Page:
Woody plants are raised for the Dallas Floodway Extension Project at the Corps’ Engineer Research and Development Center’s Lewisville Aquatic Ecosystem Research Facility in north Texas. Graduate student Aaron Shad examines an elderberry grown in a particularly deep pot that will help it survive when planted in the mitigation bottomlands along the Trinity River in Dallas. Elderberry is a beneficial shrub that has many wildlife uses including cover, nesting and food. Many animal species eat the fruit including migratory birds and songbirds. The flowers are attractive for pollinating insects including bees, which also nest in certain stems. In the foreground right is a red mulberry (a drought-resistant tree that produces fruit for songbirds and other wildlife). To the left is flameleaf sumac (which can create thickets for wildlife cover and whose fruit is a good late-season food source).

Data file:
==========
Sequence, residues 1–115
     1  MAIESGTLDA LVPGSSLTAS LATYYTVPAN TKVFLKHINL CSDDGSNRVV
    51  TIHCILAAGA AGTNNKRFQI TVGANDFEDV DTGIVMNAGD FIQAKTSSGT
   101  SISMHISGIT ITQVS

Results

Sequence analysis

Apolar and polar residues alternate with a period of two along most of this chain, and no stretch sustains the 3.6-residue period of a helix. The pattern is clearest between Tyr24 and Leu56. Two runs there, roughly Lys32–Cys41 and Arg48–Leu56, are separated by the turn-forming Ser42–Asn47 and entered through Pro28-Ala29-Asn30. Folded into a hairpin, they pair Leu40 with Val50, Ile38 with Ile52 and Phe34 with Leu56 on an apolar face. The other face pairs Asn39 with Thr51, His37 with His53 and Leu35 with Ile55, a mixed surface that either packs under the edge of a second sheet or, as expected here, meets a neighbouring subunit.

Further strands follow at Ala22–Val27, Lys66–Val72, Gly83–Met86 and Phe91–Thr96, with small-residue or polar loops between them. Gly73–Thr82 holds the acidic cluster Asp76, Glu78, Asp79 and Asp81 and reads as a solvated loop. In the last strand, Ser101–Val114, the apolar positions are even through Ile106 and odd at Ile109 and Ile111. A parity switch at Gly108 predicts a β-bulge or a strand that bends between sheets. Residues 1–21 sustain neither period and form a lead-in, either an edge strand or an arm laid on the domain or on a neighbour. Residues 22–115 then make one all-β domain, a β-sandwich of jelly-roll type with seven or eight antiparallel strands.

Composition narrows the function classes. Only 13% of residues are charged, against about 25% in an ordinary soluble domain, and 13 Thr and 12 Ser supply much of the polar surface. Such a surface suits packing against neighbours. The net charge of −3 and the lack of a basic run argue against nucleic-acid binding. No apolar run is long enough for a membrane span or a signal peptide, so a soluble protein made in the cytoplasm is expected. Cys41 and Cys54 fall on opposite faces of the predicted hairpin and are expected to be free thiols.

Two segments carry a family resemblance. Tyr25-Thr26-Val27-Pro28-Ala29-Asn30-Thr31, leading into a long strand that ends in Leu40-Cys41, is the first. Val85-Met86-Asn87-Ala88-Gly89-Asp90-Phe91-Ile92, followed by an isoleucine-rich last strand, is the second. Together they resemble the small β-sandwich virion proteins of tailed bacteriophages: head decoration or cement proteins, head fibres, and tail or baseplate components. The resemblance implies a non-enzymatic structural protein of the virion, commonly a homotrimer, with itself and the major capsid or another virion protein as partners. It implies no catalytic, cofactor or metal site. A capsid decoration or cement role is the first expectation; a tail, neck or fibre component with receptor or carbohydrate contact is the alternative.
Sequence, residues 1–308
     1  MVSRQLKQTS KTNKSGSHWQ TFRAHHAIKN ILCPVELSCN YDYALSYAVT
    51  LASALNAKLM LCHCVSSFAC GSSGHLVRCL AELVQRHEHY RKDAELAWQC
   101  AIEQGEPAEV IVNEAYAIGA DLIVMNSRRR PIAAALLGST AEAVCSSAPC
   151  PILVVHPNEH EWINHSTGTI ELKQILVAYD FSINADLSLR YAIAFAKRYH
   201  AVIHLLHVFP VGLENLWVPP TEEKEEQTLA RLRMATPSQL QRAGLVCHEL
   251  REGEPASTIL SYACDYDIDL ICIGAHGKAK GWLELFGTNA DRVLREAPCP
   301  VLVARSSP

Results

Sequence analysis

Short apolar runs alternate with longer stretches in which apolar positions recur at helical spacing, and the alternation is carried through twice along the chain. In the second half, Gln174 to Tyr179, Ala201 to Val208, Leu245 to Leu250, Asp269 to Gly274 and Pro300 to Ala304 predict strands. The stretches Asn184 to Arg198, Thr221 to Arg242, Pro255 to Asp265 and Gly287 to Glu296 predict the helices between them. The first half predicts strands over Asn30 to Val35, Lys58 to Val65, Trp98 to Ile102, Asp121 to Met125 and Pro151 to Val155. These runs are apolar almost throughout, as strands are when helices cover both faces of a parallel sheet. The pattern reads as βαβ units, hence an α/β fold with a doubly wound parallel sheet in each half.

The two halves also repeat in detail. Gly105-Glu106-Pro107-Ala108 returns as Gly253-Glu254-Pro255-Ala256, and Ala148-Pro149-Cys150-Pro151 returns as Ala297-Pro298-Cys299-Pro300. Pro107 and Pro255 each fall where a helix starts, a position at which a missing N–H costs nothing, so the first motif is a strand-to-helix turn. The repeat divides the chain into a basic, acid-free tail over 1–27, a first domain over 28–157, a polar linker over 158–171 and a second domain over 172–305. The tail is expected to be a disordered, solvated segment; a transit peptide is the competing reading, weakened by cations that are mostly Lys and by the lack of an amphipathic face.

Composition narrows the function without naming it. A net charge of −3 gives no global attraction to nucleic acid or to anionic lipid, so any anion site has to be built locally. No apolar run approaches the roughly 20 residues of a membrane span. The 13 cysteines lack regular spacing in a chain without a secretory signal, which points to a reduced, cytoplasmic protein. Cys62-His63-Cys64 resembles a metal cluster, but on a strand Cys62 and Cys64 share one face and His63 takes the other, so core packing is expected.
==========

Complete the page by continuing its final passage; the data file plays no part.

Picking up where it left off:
|Date Posted:||07.31.2012 12:36|
|Location:||DALLAS, TX, US|
This work, US Army Corps of Engineers Fort Worth District tree mitigation supports Dallas levee improvement project [Image 1 of 2], by James Frisinger, identified by DVIDS, is free of known copyright restrictions under U.S. copyright law.